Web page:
Citizens election commission could be determined
Members of the Hays County Citizens Elections Commission could be appointed this week.
On Tuesday morning, the Hays County Commissioners Court will discuss and take possible action to appoint members to the commission, which was created in September “to serve Hays County as an independent advisory commission in the area of effectively identifying voting center locations and assessing the locations after each election period.”
The commission will include the following representatives: One representative from each independent school district, including Hays CISD, San Marcos CISD, Dripping Springs ISD and Wimberley ISD; one representative from each municipality, including San Marcos, Kyle, Buda, Dripping Springs and Wimberley; one representative from each County Party Chair, including the Democratic Party and the Republican Party; Texas State University Student Party Chairs, including the Democratic Party and the Republican Party; one rural community representative; one representative of the disabled community; one representative from the League of Women Voters; and two appointed citizen representatives per member of the commissioner's court. The Elections Office will act as technical advisory to the commission.
According to the agenda item, outreach to each community has been completed, and each commissioner has been requested to appoint a member.
The committee, comprised of 26 individuals, will elect its own leadership and meet a minimum of twice per year.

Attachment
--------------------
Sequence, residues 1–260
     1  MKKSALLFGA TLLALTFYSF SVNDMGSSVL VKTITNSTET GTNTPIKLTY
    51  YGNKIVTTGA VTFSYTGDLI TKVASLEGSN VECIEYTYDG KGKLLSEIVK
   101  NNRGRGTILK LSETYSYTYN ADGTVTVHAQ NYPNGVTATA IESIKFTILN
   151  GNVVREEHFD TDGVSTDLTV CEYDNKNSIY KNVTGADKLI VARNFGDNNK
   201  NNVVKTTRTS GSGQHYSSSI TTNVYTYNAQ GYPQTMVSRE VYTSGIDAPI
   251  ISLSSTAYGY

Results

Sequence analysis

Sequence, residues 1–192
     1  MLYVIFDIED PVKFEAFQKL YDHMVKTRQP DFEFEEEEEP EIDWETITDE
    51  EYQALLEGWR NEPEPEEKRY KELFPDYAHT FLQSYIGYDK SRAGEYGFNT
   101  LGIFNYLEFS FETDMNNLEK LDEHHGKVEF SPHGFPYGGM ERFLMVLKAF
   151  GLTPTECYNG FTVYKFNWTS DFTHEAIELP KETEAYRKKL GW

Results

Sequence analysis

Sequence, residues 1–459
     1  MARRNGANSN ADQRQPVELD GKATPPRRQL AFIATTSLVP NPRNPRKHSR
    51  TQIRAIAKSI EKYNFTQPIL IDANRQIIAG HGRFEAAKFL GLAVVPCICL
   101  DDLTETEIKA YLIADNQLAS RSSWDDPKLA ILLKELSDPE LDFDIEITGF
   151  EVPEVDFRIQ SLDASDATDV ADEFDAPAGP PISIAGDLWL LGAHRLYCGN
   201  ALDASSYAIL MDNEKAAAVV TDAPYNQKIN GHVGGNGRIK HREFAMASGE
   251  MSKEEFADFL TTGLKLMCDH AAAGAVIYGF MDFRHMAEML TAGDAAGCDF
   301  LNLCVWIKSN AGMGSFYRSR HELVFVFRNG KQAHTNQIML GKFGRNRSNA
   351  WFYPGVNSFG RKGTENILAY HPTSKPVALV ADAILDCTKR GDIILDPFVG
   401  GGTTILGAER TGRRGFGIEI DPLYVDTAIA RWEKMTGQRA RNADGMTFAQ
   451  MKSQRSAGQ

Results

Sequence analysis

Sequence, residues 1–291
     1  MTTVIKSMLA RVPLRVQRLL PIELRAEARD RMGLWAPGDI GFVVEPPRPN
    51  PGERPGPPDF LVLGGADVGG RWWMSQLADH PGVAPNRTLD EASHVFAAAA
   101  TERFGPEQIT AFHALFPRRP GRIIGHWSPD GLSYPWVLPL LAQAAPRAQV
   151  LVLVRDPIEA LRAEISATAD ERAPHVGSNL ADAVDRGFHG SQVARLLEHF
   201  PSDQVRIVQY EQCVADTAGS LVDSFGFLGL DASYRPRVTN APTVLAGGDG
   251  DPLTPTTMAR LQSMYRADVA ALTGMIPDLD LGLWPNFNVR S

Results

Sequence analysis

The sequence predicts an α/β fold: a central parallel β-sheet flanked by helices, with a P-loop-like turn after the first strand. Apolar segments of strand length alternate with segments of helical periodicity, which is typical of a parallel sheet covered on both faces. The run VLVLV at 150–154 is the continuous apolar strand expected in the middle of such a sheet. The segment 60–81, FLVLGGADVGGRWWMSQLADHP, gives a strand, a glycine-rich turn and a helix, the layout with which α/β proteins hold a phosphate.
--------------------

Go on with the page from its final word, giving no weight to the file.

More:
“The goals: evaluate the distribution and effectiveness of the early voting polls and vote centers and recommend changes as needed,” Hays County Judge Ruben said during commissioners court on Sept. 4. “That's a very specific and narrow focus.”
In other business, the county will consider executing an interlocal agreement between the City of San Marcos, City of Kyle, City of Buda and Hays County relating to the management and operation of the San Marcos Regional Animal Shelter.
According to the agenda item, the agreement will “define the rights and duties of the Parties as they work together in collaboration with community partners and animal advocate groups to care for, protect, and find quality homes for abandoned and neglected animals, aid in the reduction of animal overpopulation, and provide community education for the mutual benefit of animals and people in Hays County.”
The funds required for the agreement, according to the agenda item, total $477,688 and are available within the operating budget for the expense.
Additionally, commissioners will discuss and take possible action to execute an agreement with the nonprofit organization myPadilla for the Regional Padilla Compliance Pilot Program, which will be funded with a $326,400 grant from the Texas Indigent Defense Commission.
The court will also take possible action to authorize the Parks Department to utilize budgeted funds in the amount of $32,285.60 for the repair of a historic weir located within Jacob’s Well.
According to the agenda item, “the weir is approximately 70 years old and is responsible for regulating water flow around the Well. The weir is currently eroding away in several places and pieces of rebar are breaking through the concrete. If left as is, there is a possibility that the weir may completely wash away in the event of a large rain or flooding event.”
The Hays County Commissioners Court meets at 9 a.m. on the third floor of the Hays County Courthouse, 111 San Antonio St.